Larry None-maker brings a lot of heart and a lot of integrity to his business. And that compassion and conscience was instilled in him by his past experiences.

Larry grew up in the Willamette Valley in Oregon in a logging community. His father operated a logging company, but Nonemaker decided early on that he did not want to become a logger. So he went to college and graduated with degrees in teaching and accounting. After graduation he traveled east to teach. Larry, said, "I went back east originally to teach handicapped children of military people. And I did that for awhile, but the government stopped funding that program so I decided to get completely out of teaching. I went to work at a car dealership. I spent some time there then went to work for a Chicago company, Pat Ryan & Associates, that specialize in finance and insurance. That's what led me first into the auto world and eventually into the RV world.

But Nonemaker remained restless. Eventually he ended up back in Oregon and teaching in Eugene.

He said, "I couldn't really find something to do that was fun. While I was teaching in Eugene, I met Georgia. She was a student and I was teaching a class in finance. So that's where we got started.."

It seems as if fate brought Larry and Georgia together. They hit it off right away and eventually married. Larry said, "Our backgrounds were essentially the same. Her background is teaching too; although she's never taught -- she managed credit unions." Larry laughed and added, "Besides, after I discovered she likes to fish, how could I resist her?"

They settled in Albany, OR, where Georgia managed a credit union and Larry owned a partnership in an insurance agency. That's what brought them to Bend.

Nonemaker said, "I came to Bend to sell our credit life and disability programs to automobile dealerships. One of the dealers talked me into staying in Bend so I sold my part of the agency to the other partners and managed a big GMC dealership. Georgia moved here and managed the credit union in Bend for five years."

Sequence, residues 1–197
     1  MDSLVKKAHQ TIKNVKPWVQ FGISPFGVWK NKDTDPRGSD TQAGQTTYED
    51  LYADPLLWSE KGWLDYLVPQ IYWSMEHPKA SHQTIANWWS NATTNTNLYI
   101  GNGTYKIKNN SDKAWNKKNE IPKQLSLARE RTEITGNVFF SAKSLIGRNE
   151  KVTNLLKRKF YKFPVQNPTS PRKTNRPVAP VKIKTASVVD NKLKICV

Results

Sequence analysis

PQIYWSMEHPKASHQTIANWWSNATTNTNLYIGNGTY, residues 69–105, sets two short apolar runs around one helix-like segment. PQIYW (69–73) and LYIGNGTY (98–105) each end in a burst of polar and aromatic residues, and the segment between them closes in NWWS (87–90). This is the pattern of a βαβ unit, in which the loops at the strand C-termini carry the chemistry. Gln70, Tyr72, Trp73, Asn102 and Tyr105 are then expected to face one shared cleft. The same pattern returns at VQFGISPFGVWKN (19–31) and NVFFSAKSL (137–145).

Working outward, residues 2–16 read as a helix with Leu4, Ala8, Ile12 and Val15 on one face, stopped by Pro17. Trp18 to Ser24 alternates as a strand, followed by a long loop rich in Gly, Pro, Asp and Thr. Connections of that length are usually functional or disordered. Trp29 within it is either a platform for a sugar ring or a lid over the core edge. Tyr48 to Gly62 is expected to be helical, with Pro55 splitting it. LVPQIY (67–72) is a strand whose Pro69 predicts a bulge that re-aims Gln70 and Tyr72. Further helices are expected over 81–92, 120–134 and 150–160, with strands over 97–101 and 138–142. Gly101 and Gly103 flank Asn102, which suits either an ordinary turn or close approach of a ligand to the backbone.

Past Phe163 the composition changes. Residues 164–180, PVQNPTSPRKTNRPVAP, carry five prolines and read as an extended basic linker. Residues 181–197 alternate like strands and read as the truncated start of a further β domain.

It wasn't long before Nonemaker was restless again he still hadn't found his niche. He recalled, "We wanted to do something fun and cars were not fun. Then one day I walked into one of the local RV dealerships and I said, I want to be your next RV salesman. I went to work the next day."

Larry was starting to have fun and enjoyed some success selling RVs. Friends of the family, two brothers, owned a Honda dealership and Larry learned that they were discussing getting into RVs as well. Larry dropped by to talk to them and then announced: "I'm your RV manager and we are going to do an RV dealership."

Larry said, " They said okay. So, with their support and financial help, we opened an RV dealership. And I spent three years with them and we built a substantial business."

But the Nonemakers' lives were about to change direction again. They were finally having fun, but thought it would probably be more fun if they owned their own RV business. So Larry and Georgia decided to go out on their own. But they wanted to do things differently.

Larry said, "That was the whole key. The number one thing with Georgia and me was we decided we needed to take care of the employees first. We said, 'Let's do things like profit sharing,' which makes them have a little more interest in your store. ' Let's do things like pay 100 percent of their of insurance so they are not burdened with that. And then, let's pay them a little better than any other dealership.'

"Alright. But in order to do that, you have to have really good people. They have to be self-starters. I didn't want to have to ride herd over them. And that's what we have. Our turnover is nil.

"And we wanted to do a couple of extra things, too. It's hard enough just coming to work everyday and working at an organization, even if you like it, without some other benefits. I mean, profit sharing is fine; that comes once a year and the insurance is good if you need it. But we wanted to do more for them."

Those "extra little things" manifest themselves in a variety of ways; however, one of the most unique may occur around a big horseshoe-shaped table adjacent to the service shop.